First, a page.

We hate our neighbour’s illegal rooftop balcony – we want it torn down NOW

FURIOUS neighbors in Britain’s poshest postcode are calling on a millionaire businessman to immediately demolish a roof terrace he threw up without permission.

Robert and Lisa Heffer sparked outrage when a glass balustrade appeared above their £2million mansion in Sandbanks, Dorset.


The Heffers threw up the roof terrace – located at the top of the house – without permission, sparking fury from neighborsCredit: BNPS
Neighbors have launched a furious campaign to get the millionaire to tear down the roof terrace, claiming she will throw raucous parties allowing revelers to peek into their homes


Neighbors have launched a furious campaign to get the millionaire to tear down the roof terrace, claiming she will throw raucous parties allowing revelers to peek into their homesCredit: BNPS

He has created a roof terrace which offers stunning views across Poole Harbor – home to ex-football stars Harry and Jamie Redknapp.

But residents complain that the illegal rooftop balcony infringes on their privacy.

And they’re counting on the busy businessmen and his family to throw raucous parties above their monster stack, allowing guests to peek into the private gardens and pools.

The Heffers, who bought the three-story cradle two years ago and have since renovated it, insist the glass balustrade was just a screen for the air conditioners.

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Mr Heffer, who has made a fortune from his share in the family meat distribution business, filed a retrospective planning application that would have allowed him to keep the balcony.

The retrospective building permit is a planning requested after the construction of something.

But some neighbors in the area – where average house prices are £1.9million – have written letters of objection, citing a potential breach of privacy if the balcony is allowed to remain.

Dr Raymond Hill, who lives next door, accused Mr Heffer of hypocrisy after the meat tycoon planted trees in his own garden to give his brood privacy around the pool.

Dr Hill said: “It’s ironic because it would invade everyone’s privacy if the roof terrace was allowed to stay.

“There are fears that there will be parties on the roof.”

Another neighbour, Ross Holman, hammered home: “I object to the glass balustrade that has been added to the roof of this property.

“This was described in the application as a screening.

“However, it was not a screen as it was clear glass and would actually allow the large roof of this property to be used as a social space.

“This roof provides unobstructed views of the private gardens of neighboring properties and will remove the privacy they currently enjoy.

“The local authority should use their enforcement powers to have the glass balustrade removed.”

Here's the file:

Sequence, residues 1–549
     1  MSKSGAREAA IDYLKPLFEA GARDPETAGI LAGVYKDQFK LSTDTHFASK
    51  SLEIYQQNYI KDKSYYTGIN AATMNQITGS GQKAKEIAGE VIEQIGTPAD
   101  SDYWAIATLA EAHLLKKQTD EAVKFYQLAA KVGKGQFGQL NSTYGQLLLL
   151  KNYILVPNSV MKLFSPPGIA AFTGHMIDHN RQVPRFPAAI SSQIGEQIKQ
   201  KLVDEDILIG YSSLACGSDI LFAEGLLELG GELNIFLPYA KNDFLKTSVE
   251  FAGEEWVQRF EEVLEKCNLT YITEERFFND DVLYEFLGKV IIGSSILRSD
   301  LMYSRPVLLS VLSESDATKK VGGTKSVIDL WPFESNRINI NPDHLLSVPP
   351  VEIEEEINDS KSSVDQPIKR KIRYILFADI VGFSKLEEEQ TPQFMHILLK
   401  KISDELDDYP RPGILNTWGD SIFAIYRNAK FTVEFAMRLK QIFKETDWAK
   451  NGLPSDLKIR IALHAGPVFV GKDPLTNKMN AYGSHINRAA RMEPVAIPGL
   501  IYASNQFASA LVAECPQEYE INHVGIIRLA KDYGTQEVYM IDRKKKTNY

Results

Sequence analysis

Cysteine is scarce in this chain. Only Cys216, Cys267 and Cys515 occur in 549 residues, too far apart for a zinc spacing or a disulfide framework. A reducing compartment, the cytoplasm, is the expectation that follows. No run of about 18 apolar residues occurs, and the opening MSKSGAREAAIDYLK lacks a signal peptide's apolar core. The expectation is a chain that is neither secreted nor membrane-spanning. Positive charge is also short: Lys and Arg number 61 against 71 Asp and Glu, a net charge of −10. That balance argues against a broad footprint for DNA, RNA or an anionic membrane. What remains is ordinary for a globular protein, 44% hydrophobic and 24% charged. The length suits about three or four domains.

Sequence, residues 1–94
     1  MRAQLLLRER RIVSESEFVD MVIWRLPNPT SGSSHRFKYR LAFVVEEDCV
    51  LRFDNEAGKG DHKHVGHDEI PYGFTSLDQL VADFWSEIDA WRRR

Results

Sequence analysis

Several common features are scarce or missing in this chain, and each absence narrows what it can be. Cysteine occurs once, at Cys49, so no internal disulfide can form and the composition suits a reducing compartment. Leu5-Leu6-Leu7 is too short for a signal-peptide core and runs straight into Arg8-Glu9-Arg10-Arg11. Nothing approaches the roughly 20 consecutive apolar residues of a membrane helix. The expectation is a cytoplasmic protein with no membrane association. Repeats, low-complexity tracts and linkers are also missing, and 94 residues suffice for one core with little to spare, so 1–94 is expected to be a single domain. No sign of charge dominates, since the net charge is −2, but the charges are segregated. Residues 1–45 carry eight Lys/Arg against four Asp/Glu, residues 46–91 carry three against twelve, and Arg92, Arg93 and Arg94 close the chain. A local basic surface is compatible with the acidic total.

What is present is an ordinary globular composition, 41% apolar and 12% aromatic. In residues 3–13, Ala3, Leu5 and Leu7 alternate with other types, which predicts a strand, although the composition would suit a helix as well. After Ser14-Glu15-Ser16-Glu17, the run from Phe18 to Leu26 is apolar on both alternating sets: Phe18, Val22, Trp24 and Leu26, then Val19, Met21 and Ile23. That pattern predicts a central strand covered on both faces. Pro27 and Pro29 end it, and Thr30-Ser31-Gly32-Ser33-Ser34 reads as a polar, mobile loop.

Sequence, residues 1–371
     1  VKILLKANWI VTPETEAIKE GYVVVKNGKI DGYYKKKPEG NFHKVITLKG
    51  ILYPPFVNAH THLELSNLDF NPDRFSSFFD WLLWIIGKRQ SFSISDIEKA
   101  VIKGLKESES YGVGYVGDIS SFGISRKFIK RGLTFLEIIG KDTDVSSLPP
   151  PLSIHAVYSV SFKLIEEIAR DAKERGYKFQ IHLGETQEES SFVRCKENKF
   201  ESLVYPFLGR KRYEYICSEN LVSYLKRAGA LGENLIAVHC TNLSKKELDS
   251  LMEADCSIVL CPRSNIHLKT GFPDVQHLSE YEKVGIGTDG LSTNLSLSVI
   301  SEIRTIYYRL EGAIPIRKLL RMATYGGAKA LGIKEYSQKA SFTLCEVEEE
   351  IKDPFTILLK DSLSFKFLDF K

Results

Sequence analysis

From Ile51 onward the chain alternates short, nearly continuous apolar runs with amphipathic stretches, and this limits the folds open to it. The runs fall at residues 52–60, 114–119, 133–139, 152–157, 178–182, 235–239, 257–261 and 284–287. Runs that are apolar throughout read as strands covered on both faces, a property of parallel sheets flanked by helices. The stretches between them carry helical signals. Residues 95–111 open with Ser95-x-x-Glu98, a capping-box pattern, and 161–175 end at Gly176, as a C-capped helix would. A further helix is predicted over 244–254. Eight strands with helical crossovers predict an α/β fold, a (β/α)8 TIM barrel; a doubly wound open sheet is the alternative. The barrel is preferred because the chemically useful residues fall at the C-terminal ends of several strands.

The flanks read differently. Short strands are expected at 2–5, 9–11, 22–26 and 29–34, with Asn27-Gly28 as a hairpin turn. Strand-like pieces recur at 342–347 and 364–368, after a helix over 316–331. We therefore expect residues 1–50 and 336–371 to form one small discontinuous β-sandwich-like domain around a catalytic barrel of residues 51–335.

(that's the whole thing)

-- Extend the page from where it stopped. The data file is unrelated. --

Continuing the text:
Another neighbour, who asked not to be named, ridiculed the Heffers’ claim that the balustrade obscures, saying it is actually “clear glass”.

They said: “If allowed, the roof could be used to host parties.

“We want it taken down and the roof only used for essential maintenance.”

The neighbor warned that the balcony would “set a dangerous precedent” and disrupt the peace and privacy of the neighborhood.


Scott Garvey wrote a letter of objection on behalf of his stepfather who lives next door.

In it he wrote: “The retrospective application of the glass balustrade is extremely frustrating.

“When this was erected the developer assured the planning that it was a maintenance platform for air conditioning, very obviously that was not the intended use.

“It looks directly out and into my father-in-law’s garden, pool, patio and into his bedroom windows.”

The heads of planning for Bournemouth, Christchurch & Poole Council have decided to refuse structure permission.

They called it a “strange and intrusive feature” that wouldn’t fit the neighborhood.

But a spokesman for Mr Heffer hit back at angry neighbours, saying the glass was ‘translucent’ and had no impact on the neighbourhood.

A spokesperson for Chapman Lily Planning, Mr Heffer’s planning officer, said: ‘The screens are translucent so they have no impact on the appearance of the neighborhood.

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“We are confident that once we talk to the council and change our plans, they will be allowed.”

The Sun Online has approached Chapman Lily Planning for comment.

The Heffers have worked on the property for two years


The Heffers have worked on the property for two yearsCredit: BNPS

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